I was invited to Canada to discuss my blockchain technology paper. Here are my opening remarks at the panel organized by Government Affairs and IDRC.
Speaking about a seemingly complex subject such as blockchains poses a challenge not only for me but also for you, the audience. More so when the time is scarce. It is probably not the same challenge, however. So perhaps the best way to start this conversation is to take a step back and start with technological innovation. Technological innovation has been around longer than you and me, for sure. But what has changed nowadays is the frequency in which innovation is happening, especially since the dawn of digital computing and electronics.
The Internet is no doubt the best example here. Initially conceived with government support and public
Recent events seem to suggest the cryptocurrency bubble is finally starting to deflate. Bitcoin, Ethereum and most of their crypto cousins are significantly down while regulators in several countries are finally beginning to take action on the ground. Nobel laureate economists are also speaking up against the digital currency, arguing that the new currency is not capable of fulfilling the three core functions that define money.
Does this mean that ICOs are on the way out?
If we look at the latest ICO data,((Data was obtained from tokendata.io. Sample size includes 1032 ICOs completed by the end of 31 January 2018. 485 or 47% percent did not report any funding. The total number of successful ICOs is thus 547. The DAO ICO is not included as it is considered a failure. Hdac, quoted by some
Like previous digital technologies, such as the Internet, for example, blockchain technology (BCT) has been driven by a high degree of techno-optimism not yet backed by on the ground impact or reliable evidence. Undoubtedly, the technology, which is still in its infancy, has enormous potential in many sectors and could promote human development if harnessed strategically.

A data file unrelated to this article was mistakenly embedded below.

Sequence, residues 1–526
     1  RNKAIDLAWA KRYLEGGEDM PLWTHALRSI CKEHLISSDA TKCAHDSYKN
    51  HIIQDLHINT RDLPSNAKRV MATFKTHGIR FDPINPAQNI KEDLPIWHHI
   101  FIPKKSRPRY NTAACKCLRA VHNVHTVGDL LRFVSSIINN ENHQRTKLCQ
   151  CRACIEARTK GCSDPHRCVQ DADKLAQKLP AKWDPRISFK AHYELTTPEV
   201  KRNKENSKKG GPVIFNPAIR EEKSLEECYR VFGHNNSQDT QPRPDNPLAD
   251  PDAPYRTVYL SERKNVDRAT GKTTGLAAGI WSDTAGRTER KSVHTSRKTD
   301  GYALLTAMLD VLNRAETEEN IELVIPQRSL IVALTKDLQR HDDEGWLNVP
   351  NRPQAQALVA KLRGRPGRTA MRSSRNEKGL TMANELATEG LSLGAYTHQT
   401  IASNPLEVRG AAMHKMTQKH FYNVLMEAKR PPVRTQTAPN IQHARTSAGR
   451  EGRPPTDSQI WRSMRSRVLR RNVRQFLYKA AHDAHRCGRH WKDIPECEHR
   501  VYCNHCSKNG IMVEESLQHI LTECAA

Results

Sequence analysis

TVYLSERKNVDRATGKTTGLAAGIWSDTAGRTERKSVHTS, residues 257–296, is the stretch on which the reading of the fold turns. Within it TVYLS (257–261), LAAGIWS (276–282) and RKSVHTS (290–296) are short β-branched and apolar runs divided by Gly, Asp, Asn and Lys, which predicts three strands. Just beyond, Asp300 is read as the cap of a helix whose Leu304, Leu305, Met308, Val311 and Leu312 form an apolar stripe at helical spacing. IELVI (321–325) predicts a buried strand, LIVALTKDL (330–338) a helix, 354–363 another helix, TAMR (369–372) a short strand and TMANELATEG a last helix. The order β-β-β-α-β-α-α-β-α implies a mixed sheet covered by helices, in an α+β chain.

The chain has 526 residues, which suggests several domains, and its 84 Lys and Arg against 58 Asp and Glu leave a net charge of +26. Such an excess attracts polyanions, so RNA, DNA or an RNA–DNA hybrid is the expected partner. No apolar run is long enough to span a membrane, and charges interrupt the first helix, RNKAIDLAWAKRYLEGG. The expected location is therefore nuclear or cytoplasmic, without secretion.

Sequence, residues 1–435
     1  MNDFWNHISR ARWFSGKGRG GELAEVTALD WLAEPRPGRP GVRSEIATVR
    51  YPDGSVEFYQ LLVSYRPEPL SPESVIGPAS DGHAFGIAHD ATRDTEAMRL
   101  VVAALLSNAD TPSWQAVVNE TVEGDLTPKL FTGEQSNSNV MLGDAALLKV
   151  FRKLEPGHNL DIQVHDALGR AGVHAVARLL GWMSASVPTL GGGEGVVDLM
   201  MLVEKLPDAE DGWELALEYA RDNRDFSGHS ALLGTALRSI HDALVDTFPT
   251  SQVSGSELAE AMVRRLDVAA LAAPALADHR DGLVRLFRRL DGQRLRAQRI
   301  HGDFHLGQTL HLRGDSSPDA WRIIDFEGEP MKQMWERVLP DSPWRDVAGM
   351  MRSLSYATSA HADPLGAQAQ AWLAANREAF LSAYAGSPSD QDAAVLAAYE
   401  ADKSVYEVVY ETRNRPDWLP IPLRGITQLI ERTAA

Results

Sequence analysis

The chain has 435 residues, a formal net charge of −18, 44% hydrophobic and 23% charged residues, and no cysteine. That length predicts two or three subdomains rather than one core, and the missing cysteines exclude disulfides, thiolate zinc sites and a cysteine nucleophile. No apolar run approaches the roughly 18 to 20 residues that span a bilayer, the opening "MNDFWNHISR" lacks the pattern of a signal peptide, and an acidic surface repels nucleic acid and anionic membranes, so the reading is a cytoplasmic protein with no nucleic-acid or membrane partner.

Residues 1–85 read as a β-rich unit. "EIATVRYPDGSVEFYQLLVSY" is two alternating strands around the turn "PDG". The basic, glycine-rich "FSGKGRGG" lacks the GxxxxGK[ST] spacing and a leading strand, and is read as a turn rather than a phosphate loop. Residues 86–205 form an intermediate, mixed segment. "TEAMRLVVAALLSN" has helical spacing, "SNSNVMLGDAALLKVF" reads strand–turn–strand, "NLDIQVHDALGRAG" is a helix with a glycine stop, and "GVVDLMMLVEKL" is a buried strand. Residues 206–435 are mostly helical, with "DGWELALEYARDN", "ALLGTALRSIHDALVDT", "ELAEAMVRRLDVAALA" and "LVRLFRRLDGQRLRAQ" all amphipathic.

One of the many BCT innovative traits is the use of sophisticated cryptographic tools to generate unique identities for individuals interacting within its distributed network. In general, such identities are pseudo-anonymous, immutable, secure and directly created and managed by the individual. This in principle makes BCT an ideal candidate to propel further innovation in the digital identity sector. The critical question
While not the only cryptocurrency around, Bitcoin was the first to solve the well-known double-spending problem that characterizes digital currencies. Tackling the issue demanded the creation of blockchain technology (BCT) combined with the use of a brute force algorithm known as proof of work.
Created in 2009, Bitcoin is now one of the largest (and most unstable) currency in the world (Says & Says, 2017). Launched in the fringes of the Internet and initially used only by computer geeks, the cryptocurrency has now become a hot financial asset attracting both traditional and new investors. Word out there is that Bitcoin billionaires do not spend because they fear losing money as Bitcoin rapidly appreciates over time and ad infinitum (Tucker, 2017).
Bitcoin and its crypto-cousins have
After remittances and land titles, refugees are perhaps one of the primary targets of blockchain technology (BCT) initiatives promoting development or social impact. Bitnation, Aid:Tech and the UN World Food Programme, among many others, are good examples. Last month, at a BCT meeting in New York, UN Women shared its plans to launch a blockchain lab in early 2017. And women refugees are a top priority in the lab’s agenda.
No doubt refugees have become a critical issue of global scope, especially after the forced displacement of hundreds of thousands of Syrians in the last few years. Syrians escaping civil war had no choice but to leave their homes, belongings, and country seeking more peaceful and secure lands. What is different today is the scale of this forced migration which seems unprecedented